Expert evaluates Illinois’ massive unemployment benefits fraud from pandemic | Illinois

(The Center Square) – A fraud expert says he is not surprised at the scope of fraud committed during the pandemic with unemployment benefits in Illinois.

Illinois has yet to disclose the amount of unemployment fraud that took place during the pandemic, and the actual amount may never be known. A state audit released last year found nearly $2 billion in federal money intended for one program was lost to fraudulent claims in Illinois. The state audit found that the Illinois Department of Employment Security failed to implement general information technology controls over the Pandemic Unemployment Assistance program. The total scope of fraud isn’t known. 

State Rep. Adam Niemerg, R-Dieterich, this week asked Kristen Richards, the former head of the Department of Employment Security who now leads another agency, how much money was stolen, to which she did not have an answer.

“The United State’s Department of Labor, as last I left the agency in mid-January, is still working to quantify the number of fraud that was associated with the federal programs,” Richards said.

Illinois state Rep. Adam Niemerg, R-Dieterich, questions former Illinois Department of Employment Security Director Kristin Richards. 

Tom Miller, the CEO of ClearForce, a people risk technology company and an expert in fraud detection, said Illinois should have had their guard up once the unemployment claims poured in.

“Anytime that the government is providing that level of funding for relief for businesses or individuals, I think the bad guys are going to have it on their radar 100% and they are going to figure out ways to get in there and take a piece of it,” Miller said.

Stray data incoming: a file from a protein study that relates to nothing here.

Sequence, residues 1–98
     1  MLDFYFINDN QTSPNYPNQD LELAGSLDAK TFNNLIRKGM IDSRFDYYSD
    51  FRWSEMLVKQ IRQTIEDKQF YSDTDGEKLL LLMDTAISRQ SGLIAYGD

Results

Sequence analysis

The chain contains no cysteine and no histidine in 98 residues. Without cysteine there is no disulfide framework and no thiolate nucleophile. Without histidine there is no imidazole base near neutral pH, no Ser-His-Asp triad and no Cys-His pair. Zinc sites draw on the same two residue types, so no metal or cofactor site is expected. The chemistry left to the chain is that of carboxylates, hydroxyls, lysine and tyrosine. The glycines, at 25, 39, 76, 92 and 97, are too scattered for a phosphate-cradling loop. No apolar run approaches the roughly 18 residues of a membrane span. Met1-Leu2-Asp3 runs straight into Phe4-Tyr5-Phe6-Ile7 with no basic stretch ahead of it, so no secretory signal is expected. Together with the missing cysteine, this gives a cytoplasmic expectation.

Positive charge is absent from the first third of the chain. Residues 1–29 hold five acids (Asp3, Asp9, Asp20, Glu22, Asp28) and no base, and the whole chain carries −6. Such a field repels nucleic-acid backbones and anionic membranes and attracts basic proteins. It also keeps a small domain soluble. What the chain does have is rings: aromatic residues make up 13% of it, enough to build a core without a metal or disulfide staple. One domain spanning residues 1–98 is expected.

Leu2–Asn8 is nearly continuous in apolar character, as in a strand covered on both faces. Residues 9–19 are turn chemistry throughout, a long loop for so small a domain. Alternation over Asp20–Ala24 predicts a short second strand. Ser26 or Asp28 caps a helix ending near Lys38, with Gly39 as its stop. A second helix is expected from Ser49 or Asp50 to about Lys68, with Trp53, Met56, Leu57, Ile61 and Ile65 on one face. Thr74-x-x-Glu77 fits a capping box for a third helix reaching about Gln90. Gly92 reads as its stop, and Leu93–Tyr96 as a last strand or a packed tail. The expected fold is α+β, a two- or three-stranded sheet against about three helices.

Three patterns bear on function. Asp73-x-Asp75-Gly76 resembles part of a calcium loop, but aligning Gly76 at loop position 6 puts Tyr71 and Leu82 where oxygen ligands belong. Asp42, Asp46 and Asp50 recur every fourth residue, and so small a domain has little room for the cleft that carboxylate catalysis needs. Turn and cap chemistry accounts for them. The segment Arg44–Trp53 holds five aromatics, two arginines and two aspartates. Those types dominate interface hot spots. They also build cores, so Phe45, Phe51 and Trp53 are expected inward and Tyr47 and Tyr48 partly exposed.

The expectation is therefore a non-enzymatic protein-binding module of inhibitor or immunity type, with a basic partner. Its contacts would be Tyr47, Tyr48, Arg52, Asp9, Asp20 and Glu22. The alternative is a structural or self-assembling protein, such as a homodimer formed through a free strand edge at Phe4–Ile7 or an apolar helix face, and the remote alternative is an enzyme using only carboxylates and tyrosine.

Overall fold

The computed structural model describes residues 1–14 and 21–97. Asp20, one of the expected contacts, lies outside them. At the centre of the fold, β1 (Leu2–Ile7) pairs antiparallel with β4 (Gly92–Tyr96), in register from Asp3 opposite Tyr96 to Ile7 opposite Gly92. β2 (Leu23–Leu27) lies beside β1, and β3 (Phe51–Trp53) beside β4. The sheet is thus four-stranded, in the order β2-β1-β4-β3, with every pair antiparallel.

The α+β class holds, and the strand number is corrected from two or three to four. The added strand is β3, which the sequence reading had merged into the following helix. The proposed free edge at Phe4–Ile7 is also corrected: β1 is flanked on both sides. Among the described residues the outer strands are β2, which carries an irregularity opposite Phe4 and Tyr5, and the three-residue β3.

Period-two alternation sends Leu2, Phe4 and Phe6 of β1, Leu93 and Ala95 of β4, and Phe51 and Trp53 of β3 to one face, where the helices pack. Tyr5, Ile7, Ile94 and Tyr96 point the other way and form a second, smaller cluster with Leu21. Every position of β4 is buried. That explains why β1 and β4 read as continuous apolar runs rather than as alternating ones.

A 2022 report from the U.S. Department of Labor’s Office of the Inspector General singled out Illinois for failing to submit the required information on the taxpayer dollars spent during the pandemic, including to fraudsters. The Inspector General said it is important to obtain the information in order to prevent fraud in the future. 

Miller believes a portion of the fraud dollars went to repeat offenders. 

“They were explicitly told that they weren’t allowed to apply for new government loans and fraudulently hid that again so they could get access to more taxpayer money,” Miller said.  

At the federal level, the U.S. House Ways and Means Committee recently approved a bill that would let states keep 25% of any money they recover that was fraudulently obtained or improperly given out. House Republicans said they are hoping to incentivize states to recover some of the billions of dollars lost.  

“Enough is enough,” said Ways and Means Chair Jason Smith, R-MO. “It’s time for Congress to go after fraudsters and recover the dollars that have been lost.”

Miller says preventing fraud has to be a layered approach. 

“You’re going to have to have a variety of mechanisms, analysis and policies and procedures to try to limit fraud because the bad guys are always going to try to be creative and beat each one of these new solutions that’s put in place,” Miller said. 

This article First appeared in the center square

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